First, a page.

Olympic Golf Lessons From Rio
What can Golf learn from being part of the Olympic Games
Peter Dawson, the ex R&A Chief Executive, must have had mixed emotions on Sunday evening as he presented Justin Rose with his prize for winning the first Olympic Golf Tournament in 112 years.
On the one hand, there he was, on live TV, congratulating a British winner, with a global TV audience measured in billions. On the other hand, he must have been reflecting where did it all go wrong for the R&A?
18 months ago the R&A announced their decision to switch coverage of arguably the greatest golf competition in the world, The Open, from free to air, to subscription TV. The final round of the 2016 tournament at Royal Troon was viewed by 1.1 million people via Sky TV, which represents an 80% decrease from the 5.5 million who watched the final round on the BBC in 2014 (the last time the event finished on a Sunday). Even the 2015 tournament final round, which was played on the Monday, managed to garner 4.7 million viewers via the BBC.
It has to be acknowledged, that the coverage provided by Sky was universally applauded as a vast improvement on what was previously on offer from the BBC. However, a better viewing experience for just 20% of the previous audience, is not how to grow the game. And let’s remember, “Growing the game” was the public claim of Peter Dawson and the R&A when defending their decision to switch broadcasters.
In these terms, it’s hard to see how anyone could successfully portray those viewing figures as being helpful to growing the game.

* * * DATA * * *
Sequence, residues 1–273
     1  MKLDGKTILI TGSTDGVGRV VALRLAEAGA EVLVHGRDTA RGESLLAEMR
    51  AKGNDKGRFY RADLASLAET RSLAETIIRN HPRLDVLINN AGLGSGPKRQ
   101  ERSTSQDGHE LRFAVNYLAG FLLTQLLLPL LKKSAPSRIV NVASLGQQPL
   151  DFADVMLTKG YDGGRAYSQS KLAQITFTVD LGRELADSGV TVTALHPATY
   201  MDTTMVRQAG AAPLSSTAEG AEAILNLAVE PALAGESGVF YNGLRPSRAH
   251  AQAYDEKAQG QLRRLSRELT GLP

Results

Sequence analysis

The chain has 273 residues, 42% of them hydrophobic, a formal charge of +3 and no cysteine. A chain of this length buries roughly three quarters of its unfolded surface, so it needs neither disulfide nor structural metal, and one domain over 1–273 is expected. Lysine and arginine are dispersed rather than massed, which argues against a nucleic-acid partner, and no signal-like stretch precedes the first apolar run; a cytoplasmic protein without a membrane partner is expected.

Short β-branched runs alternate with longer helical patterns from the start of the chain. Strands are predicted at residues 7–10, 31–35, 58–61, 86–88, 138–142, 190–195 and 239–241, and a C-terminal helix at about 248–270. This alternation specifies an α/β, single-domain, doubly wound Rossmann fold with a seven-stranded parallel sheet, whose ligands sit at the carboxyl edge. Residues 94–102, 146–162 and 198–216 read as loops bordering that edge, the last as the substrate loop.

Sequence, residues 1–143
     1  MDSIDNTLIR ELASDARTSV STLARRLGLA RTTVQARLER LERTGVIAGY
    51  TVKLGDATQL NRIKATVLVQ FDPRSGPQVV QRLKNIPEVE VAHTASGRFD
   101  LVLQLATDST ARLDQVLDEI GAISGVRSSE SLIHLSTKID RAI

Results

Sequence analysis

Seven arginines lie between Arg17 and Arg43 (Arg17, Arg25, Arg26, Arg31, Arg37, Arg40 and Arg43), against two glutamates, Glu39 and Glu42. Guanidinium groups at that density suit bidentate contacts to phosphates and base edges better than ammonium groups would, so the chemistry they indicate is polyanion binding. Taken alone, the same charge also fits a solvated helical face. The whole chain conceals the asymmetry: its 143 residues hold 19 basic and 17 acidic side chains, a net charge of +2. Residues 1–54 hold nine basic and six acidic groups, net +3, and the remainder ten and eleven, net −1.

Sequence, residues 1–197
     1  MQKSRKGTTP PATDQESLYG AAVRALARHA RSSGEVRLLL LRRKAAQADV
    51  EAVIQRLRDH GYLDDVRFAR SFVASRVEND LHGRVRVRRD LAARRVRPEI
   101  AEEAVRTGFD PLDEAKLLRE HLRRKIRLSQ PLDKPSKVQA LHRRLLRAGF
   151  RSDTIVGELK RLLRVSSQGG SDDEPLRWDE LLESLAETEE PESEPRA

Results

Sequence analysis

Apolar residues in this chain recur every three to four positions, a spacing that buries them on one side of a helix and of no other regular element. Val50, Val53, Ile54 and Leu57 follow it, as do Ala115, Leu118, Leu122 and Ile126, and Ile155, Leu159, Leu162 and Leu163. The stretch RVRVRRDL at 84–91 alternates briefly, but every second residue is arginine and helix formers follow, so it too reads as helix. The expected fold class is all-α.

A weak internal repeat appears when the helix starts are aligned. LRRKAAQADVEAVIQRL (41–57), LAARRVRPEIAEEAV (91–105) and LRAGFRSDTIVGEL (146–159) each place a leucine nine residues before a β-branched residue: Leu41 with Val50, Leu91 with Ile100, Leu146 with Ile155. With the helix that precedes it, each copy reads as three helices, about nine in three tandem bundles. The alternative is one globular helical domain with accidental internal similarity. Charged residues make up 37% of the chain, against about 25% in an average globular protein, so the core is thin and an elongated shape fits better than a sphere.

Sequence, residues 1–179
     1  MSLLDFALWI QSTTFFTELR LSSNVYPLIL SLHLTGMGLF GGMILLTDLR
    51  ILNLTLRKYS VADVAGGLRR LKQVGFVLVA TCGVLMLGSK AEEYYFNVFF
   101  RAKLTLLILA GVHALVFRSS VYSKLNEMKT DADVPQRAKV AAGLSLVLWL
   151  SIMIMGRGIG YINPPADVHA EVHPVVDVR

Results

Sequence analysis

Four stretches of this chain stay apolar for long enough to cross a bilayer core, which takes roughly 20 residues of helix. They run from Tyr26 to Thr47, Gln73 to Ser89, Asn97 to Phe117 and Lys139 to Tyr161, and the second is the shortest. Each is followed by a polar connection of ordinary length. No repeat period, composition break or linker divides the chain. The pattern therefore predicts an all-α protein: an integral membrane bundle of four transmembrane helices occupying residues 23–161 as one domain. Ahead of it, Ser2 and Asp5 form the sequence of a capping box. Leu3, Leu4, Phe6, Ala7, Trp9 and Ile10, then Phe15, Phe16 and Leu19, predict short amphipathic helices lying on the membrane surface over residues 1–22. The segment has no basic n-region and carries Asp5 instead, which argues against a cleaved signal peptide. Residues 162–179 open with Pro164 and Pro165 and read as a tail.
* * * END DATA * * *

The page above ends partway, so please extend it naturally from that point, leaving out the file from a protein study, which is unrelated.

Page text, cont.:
So, aside from perhaps a very expensive lesson regarding choice of TV broadcast partner that could take years for the game to recover from, what else can the world of golf learn from being part of the Olympic Games?
8 Olympic Golf Lessons
If the host broadcaster does not normally cover golf, then send your own production team to do it – there were too many occasions when the camera was staring at empty sky rather than the flight of the ball.
Staying on that theme, it’s notable that the BBC failed to send a commentary team to the Olympics (could that have been sour grapes over the earlier decision by the R&A to switch to another broadcaster?). The BBC managed to send 455 staff to Rio, you would have thought they could have smuggled in at least one person who knew about golf. The two ‘voices’ supplied by the Olympic Broadcasting Service managed to make even Monty seem like a good option. The one oasis of hope in this commentary desert was the appearance of Paul McGinley in the commentary booth during the first round of the Women’s event. His management company should simply grab a copy of that session and hawk it around the golf broadcasters as his showreel – he would be in demand for the rest of his life!
The games administrators want to boost awareness of the game and grow it around the world, just how big a task this is going to be was demonstrated by the amount of up of sports fans attending the event who don’t know about golf – for example, how many times did people pick up a ball and try to put it back on the fairway! The lesson here is that golf is not as important nor as popular as it thinks it is and we all have a long way to go in reaching new audiences and markets.